A venture investment firm is typically defined by both market sector (bio-tech, greentech, software, etc.) and investment strategy (early stage, expansion, and mezzanine). This dual definition provides entrepreneurs and partners insight into the fund partner’s skill set, investment size, and focus. It also enables the sector as a whole to envision the entire pipeline of funding – making transparent the opportunity for partnerships and potential handoffs between funds.
As illustrated in Figure 1, three growth stages loosely characterize a start-up venture: early, expansion, and mezzanine. Each stage is defined by investment size, an investor’s contributions, and key benchmarks that signal readiness to advance to the next stage of growth. Certain traits are common across all the growth stages, most notably, a commitment to benchmarking, measuring success, and the active involvement of funders in fundraising and networking with other funders.
At the early stage, investments are typically smaller in size, and investor portfolios include numerous early-stage investments. This is driven by the high failure rate typical in the start-up space. Early-stage investors tend to focus on internal activities: working with the founding team on a core product and defining what will be achieved if successful. As that company matures, investor activities shift from inside the company to more external roles. The focus of this “expansion” funder becomes soliciting the first round of customers and networking on behalf of the company with other funders. If a company successfully completes this growth phase, the final phase of the company’s maturity requires yet another set of skills. The “mezzanine” investor typically has a systems focus that will enable the company to both scale its impact and begin to think about a financial exit.
A needed shift in the philanthropic approach to the innovation ecosystem
The focus on investment strategy and life-cycle is largely missing in the innovation discourse in the foundation world. Across the Jewish philanthropic sector, it is fairly common for a foundation to identify itself by what it funds – be it Israel, Jewish education, or peoplehood. But private foundations do not typically offer potential grantees or partners a clear map of how they fund: their investment strategy. Funders tend not to be explicit about the path into or out of a grant. The result is that grantees struggle to identify their investor base, remain in the dark about the basis by which they will be considered for funding support, and are unclear about the parameters around “exit.” This occurs across the organizational spectrum, but is especially critical to early-stage organizations that do not have the resources (capital and human) to absorb the ebbs and flows of inconsistent support.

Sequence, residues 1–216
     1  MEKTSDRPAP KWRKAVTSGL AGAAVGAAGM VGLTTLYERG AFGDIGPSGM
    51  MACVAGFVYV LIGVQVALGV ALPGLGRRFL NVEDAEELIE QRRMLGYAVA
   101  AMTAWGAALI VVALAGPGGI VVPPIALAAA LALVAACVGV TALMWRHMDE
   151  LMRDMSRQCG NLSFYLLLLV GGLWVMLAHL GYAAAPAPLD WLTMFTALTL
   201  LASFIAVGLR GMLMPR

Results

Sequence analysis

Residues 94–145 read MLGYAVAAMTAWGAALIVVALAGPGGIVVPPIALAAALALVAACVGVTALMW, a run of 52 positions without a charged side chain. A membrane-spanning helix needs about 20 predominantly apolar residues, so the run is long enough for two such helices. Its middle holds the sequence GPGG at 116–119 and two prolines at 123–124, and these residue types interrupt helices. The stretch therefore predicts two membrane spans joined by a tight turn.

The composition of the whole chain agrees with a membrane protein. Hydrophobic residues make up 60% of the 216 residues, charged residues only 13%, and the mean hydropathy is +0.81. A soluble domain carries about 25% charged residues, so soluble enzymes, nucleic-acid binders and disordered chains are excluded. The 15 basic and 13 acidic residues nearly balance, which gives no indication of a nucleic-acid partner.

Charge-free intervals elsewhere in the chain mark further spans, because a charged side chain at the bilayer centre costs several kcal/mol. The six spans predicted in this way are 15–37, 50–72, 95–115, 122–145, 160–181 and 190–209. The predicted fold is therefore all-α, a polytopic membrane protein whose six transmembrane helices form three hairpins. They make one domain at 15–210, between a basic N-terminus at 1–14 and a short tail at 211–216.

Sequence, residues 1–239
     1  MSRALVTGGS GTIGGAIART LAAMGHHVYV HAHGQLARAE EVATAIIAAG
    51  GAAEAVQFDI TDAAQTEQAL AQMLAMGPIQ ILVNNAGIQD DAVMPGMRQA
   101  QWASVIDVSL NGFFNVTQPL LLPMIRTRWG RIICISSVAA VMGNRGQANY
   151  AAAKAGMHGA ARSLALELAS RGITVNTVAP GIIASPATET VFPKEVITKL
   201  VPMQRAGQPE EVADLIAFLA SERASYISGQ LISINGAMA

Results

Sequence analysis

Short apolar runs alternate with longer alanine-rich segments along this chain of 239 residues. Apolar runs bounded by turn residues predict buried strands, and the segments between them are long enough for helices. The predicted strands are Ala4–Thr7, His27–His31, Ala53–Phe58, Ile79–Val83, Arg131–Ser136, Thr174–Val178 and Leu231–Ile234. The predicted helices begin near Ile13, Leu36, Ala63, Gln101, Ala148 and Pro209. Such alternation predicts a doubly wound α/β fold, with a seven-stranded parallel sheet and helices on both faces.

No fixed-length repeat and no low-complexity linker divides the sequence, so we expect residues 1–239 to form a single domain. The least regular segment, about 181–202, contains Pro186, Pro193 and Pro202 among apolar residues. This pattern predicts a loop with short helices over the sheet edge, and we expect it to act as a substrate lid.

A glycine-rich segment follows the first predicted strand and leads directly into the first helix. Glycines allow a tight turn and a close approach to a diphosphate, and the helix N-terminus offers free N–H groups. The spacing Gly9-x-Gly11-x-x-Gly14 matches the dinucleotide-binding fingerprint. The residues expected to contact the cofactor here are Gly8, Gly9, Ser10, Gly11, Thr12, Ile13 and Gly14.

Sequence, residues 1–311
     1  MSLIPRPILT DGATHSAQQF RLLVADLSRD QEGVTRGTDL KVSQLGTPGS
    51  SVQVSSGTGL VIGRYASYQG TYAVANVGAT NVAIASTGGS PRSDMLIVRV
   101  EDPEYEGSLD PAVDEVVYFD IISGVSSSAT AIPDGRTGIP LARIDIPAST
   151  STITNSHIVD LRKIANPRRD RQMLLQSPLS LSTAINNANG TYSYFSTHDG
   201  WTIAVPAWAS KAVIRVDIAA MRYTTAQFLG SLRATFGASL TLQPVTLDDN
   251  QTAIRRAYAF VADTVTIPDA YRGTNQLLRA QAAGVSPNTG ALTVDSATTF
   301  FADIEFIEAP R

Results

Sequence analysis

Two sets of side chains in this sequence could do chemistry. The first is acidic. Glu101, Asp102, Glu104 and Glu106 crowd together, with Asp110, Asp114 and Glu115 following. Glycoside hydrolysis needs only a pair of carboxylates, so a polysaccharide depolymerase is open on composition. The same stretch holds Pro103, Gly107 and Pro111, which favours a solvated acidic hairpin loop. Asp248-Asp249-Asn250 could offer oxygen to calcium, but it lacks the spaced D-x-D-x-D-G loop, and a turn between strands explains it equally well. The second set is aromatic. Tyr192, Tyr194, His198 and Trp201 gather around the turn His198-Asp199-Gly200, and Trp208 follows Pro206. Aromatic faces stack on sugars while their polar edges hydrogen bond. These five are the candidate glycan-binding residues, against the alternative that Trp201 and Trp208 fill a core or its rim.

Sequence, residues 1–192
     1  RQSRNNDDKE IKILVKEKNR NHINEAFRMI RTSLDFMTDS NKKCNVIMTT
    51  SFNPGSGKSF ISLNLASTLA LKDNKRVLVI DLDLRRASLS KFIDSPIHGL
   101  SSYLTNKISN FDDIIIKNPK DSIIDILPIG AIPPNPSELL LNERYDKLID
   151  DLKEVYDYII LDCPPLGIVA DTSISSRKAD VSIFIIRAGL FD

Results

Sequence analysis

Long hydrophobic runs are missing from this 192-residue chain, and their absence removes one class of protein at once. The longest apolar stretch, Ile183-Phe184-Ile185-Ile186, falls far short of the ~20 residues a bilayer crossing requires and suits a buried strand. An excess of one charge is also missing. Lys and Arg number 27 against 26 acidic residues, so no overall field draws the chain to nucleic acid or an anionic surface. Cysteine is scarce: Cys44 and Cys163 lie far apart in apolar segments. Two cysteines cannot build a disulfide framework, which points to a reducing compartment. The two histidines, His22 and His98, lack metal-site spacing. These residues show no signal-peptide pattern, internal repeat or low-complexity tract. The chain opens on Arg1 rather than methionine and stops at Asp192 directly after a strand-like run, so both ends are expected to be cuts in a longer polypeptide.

If funders were more explicit about their roadmap to funding, tailored the funding timeline to growth, and from the outset defined their role in both achieving deliverables and designing a mutually beneficial exit strategy, the innovation ecosystem would be healthier. As funders work with entrepreneurs, a clear focus on investment strategy and life-cycle offers the field the following benefits:
- It signals to the field what a funder is best at and what skills the funder brings to the table.
- It allows entrepreneurs to set realistic funding targets, potentially throughout the start-up life-cycle.
- It provides funders in overlapping market segments an ability to identify the status of different organizations in the pipeline and to find opportunities for collaboration and handoff.
Yet, despite these benefits, adding investment strategy to a funder’s self-definition is not a simple proposition. There are significant barriers to collaboration that stem from the limits of applying the venture model to the nonprofit sector, in addition to the barriers inherent to the field of philanthropy. In a recent paper published by the Monitor Institute, Barbara Kibbe, Gabriel Kasper, and Katherine Fulton (2010) articulated those barriers to collaboration:
- Funders are used to acting independently and having control.
- Philanthropy is too often an expression of values rather than effectiveness. This results in an insularity and inward focus that resist feedback and cooperation.